Assa Ashuach
Ashuach feels that design should be "a strategy for questioning and modifying tradition." He is concerned with the visual and the physical and the relationship between them. He seeks to push the use of material by using the minimal amount and achieving maximum strength through form.

Read more about Assa Ashuach's design philosophy at:
Ross Lovegrove
Lovegrove sees himself as "evolutionary biologist" and not a designer. He is concerned with "organic essentialism" and the thought that "form grows where you need it" like nature. He is concerned with the earth, time, evolution, systems and transitions. Read more about his design philosophy


"Everything around us can be represented and understood by numbers"
Leonardo Pisano Fibonacci

"We don't see things as they are, we see things as we are."
Anais Nin

"The eye sees only what the mind is prepared to see."
Robertson Davis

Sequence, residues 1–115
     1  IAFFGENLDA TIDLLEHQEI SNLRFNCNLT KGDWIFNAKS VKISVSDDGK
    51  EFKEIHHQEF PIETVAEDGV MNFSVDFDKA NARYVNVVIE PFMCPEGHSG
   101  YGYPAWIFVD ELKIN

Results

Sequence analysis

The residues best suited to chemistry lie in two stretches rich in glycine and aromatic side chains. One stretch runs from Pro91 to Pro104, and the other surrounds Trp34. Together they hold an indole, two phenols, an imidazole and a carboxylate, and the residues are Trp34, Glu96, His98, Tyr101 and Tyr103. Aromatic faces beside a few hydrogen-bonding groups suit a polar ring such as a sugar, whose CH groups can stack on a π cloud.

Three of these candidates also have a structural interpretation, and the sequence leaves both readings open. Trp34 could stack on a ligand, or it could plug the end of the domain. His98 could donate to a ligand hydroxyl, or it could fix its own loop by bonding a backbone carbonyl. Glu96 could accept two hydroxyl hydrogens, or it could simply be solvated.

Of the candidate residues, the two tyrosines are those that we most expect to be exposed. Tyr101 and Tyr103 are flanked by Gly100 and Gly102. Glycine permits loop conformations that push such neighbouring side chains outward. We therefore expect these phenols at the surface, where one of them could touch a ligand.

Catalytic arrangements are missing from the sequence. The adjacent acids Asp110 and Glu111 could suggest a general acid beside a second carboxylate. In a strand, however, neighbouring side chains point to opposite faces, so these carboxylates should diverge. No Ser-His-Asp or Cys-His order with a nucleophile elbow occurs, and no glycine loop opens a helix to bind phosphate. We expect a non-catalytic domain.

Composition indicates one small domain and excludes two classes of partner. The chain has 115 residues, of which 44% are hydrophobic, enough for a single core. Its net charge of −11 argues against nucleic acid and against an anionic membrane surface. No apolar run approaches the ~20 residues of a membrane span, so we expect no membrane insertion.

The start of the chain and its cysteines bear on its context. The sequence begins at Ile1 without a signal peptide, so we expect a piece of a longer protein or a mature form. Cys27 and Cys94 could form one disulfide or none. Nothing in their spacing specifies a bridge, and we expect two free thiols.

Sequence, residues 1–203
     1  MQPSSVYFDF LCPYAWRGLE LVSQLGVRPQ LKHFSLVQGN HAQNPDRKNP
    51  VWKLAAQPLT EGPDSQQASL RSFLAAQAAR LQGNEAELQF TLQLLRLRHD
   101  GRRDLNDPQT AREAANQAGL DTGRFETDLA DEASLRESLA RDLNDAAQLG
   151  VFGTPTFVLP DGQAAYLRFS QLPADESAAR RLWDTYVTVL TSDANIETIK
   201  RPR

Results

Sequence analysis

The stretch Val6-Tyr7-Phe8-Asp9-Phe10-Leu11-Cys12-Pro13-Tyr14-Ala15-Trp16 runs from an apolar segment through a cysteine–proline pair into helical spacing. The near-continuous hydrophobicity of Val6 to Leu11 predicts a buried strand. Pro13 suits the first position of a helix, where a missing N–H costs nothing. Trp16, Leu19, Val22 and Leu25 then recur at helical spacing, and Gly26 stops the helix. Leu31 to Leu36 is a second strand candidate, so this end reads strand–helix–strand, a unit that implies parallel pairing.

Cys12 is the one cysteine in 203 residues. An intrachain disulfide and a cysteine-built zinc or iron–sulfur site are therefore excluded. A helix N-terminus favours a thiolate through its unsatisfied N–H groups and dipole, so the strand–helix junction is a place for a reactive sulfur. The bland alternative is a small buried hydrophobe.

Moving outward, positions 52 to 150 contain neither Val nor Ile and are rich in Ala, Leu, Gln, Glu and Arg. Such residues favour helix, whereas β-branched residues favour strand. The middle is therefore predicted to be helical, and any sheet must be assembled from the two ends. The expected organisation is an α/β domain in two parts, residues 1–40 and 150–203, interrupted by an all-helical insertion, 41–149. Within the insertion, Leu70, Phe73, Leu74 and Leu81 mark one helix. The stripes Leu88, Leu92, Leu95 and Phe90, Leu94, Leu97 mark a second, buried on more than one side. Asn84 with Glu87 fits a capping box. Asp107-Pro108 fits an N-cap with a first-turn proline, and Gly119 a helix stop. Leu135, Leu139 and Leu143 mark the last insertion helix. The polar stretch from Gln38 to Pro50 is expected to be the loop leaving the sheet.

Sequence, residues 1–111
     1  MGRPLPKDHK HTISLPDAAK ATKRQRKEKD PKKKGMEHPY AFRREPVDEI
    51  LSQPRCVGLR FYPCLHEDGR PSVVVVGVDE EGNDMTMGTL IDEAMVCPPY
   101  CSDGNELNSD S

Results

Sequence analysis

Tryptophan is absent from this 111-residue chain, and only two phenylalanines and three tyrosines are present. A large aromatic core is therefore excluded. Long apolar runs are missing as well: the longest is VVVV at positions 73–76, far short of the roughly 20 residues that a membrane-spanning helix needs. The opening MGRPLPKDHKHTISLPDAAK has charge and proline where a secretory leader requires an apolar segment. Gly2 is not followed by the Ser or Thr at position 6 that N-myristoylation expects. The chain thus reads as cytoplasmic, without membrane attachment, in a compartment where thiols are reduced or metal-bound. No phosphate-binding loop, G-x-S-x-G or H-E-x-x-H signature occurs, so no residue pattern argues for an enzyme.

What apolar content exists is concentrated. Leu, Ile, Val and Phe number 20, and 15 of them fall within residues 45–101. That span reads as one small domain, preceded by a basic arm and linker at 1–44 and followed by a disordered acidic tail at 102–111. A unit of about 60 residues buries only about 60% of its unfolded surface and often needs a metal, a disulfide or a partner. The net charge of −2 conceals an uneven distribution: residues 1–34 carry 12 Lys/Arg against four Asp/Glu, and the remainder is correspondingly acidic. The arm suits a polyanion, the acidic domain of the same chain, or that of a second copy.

"objects can now be a range of objects like in a family or a species. We can breed objects like we breed rabbits."
Lars Spuybroek (designer)

I think this work is pretty amazing, it's very fun to look at but many of the pieces like they were created in a 3D modeling program and printed by a rapid prototyping machine, which they were. I can't tell if they look that way to me because I knew that's how they were made before I saw them, or if that really is just the way they look. I love how the designers don't really think of themselves as designers by as scientists, evolutionary biologists (although I would like an evolutionary biologist's take on that) explorers, adventurers and mathematicians. They don't sound like artists, they sound like nerds and computer geeks, which I think is great. I love the repetition of natural forms, I love the science speak, I love the idea of a "micro personal universe". MGX just goes to show how it really is all about art and science and the two are not mutually exclusive. They're pretty much the same thing. I do wonder why most of their objects are lighting (unless it said somewhere and I missed it, which is entirely possible.)I'm sure I'll come us wiht more later, but right now my brain is grinding to a hault.